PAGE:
Clipping Your Dogs Nails

Dogs require regular nail care, and taking a dog to the veterinarian’s office or a grooming center is not only inconvenient but it’s also expensive and time-consuming. You don’t have to pay to have someone else trim your dog’s nails. All you need are good pair of nail clippers designed especially for dogs, a sturdy nail file, adequate lighting, and styptic powder in case a nail is trimmed too short.

Handling Your Dog’s Feet

Many dogs have sensitive feet, and many don’t like their feet touched or their nails clipped. Before attempting to clip your dog’s nails, get your dog used to having his feet handled and massaged. Sit on the floor with your dog, and gently massage each foot while talking to him in a soft pleasant voice. Have a couple of treats on hand to give him after each session, and once he’s used to having his feet handled you can begin clipping his nails.

Choosing Nail Clippers

Invest in quality nail clippers designed especially for dogs, and make sure they are large enough to accommodate the circumference of his nails. A good pair of nail clippers has a circular end with a center guide that is equipped with a sharp guillotine-type blade. The handle fits in the palm of the hand, and with one simple squeeze, it clips away the nail swiftly and easily. A good set of nail clippers will last for many years, and they’ll pay for themselves the first few times they’re used.

Clipping the Nails

The center of the nail contains a vein that if clipped will cause a considerable amount of pain and bleeding. Once you’ve clipped a dog’s nails too short, he won’t be so willing to allow you to handle his feet or trim his nails in the future. To reduce the chance of cutting into the quick, take your time, and make sure there is plenty of light so you can clearly see what you’re doing.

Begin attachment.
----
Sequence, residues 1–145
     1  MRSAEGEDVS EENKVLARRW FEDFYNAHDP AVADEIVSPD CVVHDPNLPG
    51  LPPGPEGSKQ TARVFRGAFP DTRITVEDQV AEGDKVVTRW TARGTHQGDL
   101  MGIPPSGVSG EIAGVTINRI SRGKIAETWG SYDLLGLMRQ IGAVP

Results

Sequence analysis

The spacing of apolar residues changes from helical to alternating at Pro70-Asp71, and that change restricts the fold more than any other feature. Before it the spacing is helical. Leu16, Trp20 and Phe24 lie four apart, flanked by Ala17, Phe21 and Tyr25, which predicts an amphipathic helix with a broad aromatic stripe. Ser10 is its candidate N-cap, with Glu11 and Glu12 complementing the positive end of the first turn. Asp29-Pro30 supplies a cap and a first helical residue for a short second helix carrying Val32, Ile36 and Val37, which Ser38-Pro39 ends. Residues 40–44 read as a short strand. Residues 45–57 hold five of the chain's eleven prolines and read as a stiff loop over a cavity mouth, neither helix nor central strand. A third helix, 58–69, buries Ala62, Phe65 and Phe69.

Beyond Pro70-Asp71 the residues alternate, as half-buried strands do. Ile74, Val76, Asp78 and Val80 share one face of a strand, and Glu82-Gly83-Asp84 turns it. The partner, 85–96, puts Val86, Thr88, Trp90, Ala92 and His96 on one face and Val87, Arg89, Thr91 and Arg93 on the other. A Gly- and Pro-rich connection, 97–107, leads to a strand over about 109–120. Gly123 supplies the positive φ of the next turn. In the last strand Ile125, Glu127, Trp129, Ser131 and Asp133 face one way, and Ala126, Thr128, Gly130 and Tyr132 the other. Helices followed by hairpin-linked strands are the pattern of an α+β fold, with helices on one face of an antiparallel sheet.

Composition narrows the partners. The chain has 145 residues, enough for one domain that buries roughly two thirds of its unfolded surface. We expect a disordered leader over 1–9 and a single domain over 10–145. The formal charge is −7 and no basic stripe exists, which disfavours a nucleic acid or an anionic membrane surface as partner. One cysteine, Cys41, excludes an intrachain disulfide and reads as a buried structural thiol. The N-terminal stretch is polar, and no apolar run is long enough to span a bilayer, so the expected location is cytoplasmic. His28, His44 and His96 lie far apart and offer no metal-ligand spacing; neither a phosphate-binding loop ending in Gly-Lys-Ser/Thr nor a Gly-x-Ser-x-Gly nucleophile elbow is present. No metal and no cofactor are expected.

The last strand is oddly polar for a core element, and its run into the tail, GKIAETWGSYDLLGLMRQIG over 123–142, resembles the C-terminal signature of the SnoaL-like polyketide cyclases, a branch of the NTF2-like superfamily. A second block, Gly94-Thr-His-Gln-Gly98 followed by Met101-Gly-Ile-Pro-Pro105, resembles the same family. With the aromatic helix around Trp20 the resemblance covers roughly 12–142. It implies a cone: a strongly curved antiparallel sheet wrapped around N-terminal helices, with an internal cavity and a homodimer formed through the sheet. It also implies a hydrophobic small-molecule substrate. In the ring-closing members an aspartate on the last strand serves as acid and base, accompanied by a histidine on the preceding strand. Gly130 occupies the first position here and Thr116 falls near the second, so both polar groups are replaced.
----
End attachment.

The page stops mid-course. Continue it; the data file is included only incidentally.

It’s usually very easy to see the vein within a light-colored nail, but darker nails are a little more challenging to trim. If you can see the vein within the nail, trim it a couple of millimeters above the vein at a 45-degree angle. If the nail is dark, clip off the tip of the nail, and remove narrow slivers until it’s adequately trimmed. When you notice a dark dot in the center of the nail, don’t cut any further. This is where the quick begins, and trimming the nail any further would be risky.

Nails sometimes become dry and brittle, and dry nails splinter easily when trimmed. If a nail splinters while trimming, it’s easy to correct the problem. Simply use a file to sand the nail to the proper length, and smooth away any rough edges.

Caring for a Nail Clipped Too Short

No matter how careful you are when trimming your dog’s nails, it’s easy to make a mistake and cut into the quick. If you happen to cut or nick the vein, don’t panic. Keep a jar of styptic powder ready to help stop the bleeding, and in a matter of days, you’ll find the wound has completely healed.

All articles copyright bigpawdesigns.com. Do not repost or copy without permission.
View more at www.bigpawdesigns.com

Advertisements

6 comments

  1. I cut our dogs’ nails. My husband worries that he will cut them, but just doesn’t like the “noise” of the clipping (thinks it sounds gross). I have always had pretty good luck.We keep seeing the “Peticure” on tv. Have you, or anyone you know tried it?I have been considering dremelling.

  2. I just recently took on the fun of trimming my dogs nails and both of us did great 🙂 She has both light and dark colored nails, so that made for an adventure at times but we both survived. I had the powder ready but didn’t need it. She even let me file them smooth afterward.

Leave a Reply

Fill in your details below or click an icon to log in:

WordPress.com Logo

You are commenting using your WordPress.com account. Log Out / Change )

Twitter picture

You are commenting using your Twitter account. Log Out / Change )

Facebook photo

You are commenting using your Facebook account. Log Out / Change )

Google+ photo

You are commenting using your Google+ account. Log Out / Change )

Connecting to %s